Dogs, since time immemorial, have been regarded as man’s best friend probably because of their close relations, loyalty, and companionship to humans.
True, they sometimes create a whole lot of mess around the house leaving you with a few extra chores but these playful and exuberant creatures are worth it, aren’t they?
Especially now that research has proven that owning a dog is good for cardiovascular health since they encourage us get outdoors and run around.
The research, led by St. Anne’s University Hospital in Brno, had the health of hundreds of people monitored; and scientists discovered that those who had a furry friend in their homes were more likely to be physically active, had better diets, and were less likely to have diabetes.
Over 2,000 people aged between 24 and 65 years with no history of heart disease were recruited for the study and given a heart health score- based on BMI, diet, exercise level, smoking status, blood pressure, blood glucose, and cholesterol.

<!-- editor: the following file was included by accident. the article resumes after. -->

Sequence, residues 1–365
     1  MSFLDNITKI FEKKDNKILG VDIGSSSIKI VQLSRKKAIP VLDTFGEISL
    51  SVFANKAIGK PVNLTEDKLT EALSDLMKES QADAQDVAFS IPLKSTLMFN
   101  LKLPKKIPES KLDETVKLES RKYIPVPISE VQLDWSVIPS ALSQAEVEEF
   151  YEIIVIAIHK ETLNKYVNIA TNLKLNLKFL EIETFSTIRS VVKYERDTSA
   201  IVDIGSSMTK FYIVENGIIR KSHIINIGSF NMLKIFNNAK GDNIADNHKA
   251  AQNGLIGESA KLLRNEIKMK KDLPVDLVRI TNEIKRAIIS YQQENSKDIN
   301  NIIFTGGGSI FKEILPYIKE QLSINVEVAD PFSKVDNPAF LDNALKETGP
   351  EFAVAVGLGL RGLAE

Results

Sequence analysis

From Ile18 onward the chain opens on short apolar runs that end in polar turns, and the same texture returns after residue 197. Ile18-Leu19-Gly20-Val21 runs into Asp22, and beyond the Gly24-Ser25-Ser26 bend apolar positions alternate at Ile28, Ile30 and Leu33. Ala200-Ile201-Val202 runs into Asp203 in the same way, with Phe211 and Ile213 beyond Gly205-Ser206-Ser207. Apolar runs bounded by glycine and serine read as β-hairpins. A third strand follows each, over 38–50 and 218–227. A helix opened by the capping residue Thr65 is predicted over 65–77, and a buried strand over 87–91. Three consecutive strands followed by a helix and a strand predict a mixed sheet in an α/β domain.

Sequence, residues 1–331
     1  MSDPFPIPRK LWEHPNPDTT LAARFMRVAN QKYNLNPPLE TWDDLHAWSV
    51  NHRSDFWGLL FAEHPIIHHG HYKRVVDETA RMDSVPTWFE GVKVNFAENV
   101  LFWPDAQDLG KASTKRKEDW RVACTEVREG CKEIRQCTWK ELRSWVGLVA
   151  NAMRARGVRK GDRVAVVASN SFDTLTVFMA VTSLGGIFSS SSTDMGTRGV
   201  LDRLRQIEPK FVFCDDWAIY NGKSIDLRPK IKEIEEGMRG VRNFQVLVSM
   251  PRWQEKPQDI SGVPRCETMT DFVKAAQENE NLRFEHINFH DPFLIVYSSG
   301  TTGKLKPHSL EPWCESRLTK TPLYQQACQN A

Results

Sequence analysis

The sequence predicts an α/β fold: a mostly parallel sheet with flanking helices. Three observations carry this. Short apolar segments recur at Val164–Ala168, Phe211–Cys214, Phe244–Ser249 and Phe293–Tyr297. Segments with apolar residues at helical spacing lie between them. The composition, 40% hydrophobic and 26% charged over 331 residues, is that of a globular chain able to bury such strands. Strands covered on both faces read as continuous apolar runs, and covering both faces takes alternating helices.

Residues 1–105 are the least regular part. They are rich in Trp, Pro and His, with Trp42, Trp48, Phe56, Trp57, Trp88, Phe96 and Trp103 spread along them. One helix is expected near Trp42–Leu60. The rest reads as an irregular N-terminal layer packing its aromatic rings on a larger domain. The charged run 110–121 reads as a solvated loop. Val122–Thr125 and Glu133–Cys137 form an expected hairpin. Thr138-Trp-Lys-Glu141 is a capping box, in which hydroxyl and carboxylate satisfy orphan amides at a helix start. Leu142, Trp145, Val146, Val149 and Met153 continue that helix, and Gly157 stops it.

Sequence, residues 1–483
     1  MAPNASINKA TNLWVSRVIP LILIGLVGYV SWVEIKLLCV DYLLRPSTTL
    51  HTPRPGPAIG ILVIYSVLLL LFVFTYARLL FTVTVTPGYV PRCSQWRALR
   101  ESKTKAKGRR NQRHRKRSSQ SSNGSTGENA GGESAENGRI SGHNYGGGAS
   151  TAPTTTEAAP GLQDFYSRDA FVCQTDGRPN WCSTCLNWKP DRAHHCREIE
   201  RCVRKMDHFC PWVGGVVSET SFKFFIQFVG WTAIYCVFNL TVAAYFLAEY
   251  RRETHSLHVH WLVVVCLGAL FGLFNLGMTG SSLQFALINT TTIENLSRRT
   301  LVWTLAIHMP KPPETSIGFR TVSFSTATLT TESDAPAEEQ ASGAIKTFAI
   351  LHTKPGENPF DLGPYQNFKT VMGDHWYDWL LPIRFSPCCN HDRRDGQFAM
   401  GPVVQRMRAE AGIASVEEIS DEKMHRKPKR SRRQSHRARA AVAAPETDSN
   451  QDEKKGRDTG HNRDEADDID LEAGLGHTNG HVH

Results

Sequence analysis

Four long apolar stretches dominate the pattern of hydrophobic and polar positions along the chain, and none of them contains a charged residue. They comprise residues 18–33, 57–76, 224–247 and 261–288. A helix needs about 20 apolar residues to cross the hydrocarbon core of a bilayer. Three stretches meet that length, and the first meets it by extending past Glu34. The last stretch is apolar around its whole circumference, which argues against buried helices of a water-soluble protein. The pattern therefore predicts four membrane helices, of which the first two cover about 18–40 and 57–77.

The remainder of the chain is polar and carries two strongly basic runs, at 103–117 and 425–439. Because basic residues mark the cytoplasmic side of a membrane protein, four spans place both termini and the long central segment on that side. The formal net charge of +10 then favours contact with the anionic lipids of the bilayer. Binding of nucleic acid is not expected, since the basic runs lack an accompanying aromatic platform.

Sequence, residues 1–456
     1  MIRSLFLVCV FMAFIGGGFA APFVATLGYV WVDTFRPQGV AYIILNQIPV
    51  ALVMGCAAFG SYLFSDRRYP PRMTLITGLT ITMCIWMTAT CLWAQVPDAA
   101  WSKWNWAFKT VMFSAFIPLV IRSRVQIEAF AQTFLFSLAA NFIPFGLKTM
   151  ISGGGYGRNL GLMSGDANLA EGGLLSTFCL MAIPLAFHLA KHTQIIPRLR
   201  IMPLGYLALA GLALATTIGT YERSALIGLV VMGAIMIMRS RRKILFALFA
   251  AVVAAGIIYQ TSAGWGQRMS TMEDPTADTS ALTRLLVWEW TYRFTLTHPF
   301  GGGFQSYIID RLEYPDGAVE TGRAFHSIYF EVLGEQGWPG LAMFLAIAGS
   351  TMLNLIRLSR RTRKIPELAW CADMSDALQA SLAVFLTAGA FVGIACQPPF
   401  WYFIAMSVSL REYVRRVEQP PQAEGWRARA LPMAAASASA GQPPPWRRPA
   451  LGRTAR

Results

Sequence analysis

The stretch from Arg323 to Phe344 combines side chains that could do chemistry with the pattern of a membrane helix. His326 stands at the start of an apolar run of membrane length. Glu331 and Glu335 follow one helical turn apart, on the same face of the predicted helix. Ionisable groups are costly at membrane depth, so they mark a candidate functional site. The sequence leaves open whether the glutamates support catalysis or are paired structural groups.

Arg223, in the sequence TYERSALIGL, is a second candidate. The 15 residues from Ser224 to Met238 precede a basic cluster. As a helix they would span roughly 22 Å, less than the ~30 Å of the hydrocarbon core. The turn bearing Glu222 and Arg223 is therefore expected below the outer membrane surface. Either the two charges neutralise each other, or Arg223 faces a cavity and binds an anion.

Face-to-face interviews were then held with all the volunteers in order to find out about their socioeconomic status, medical history, if they smoked and how active they were in a day.
Each participant also revealed what they had eaten in the last 24 hours to assess general food habits, and further tests carried out to know the blood pressure, cholesterol and glucose levels of the participants.
The cardiovascular health scores- ranked from zero to 14- of pet owners were then compared to those who did not own pets, and the former had a median score of 10, whereas those who did not have pets had a score of nine.
Lead author of the study Dr Andrea Maugeri said: ‘The greatest benefits from having a pet were for those who owned a dog, independent of their age, sex and education level.
‘In general, people who owned any pet were more likely to report more physical activity, better diet and blood sugar at ideal level.’
A total of 61.8 per cent of pet owners were established to be in an ‘ideal’ range of exercise level, compared with 47.7 per cent of non-pet owners.
Also, around 16.4 per cent of non-pet owners had ‘poor’ diet, compared to 9.4 per cent of pet owners.
Pet owners had higher HDL cholesterol– ‘good’ cholesterol- and a lower risk of diabetes, compared to those who did not have a pet.
The authors concluded dog owners are more likely to achieve a good heart health score, as they also had a lower weight and BMI.
Dr Maugeri also suggested that people could adopt, rescue or purchase a pet as a potential strategy to improve their cardiovascular health.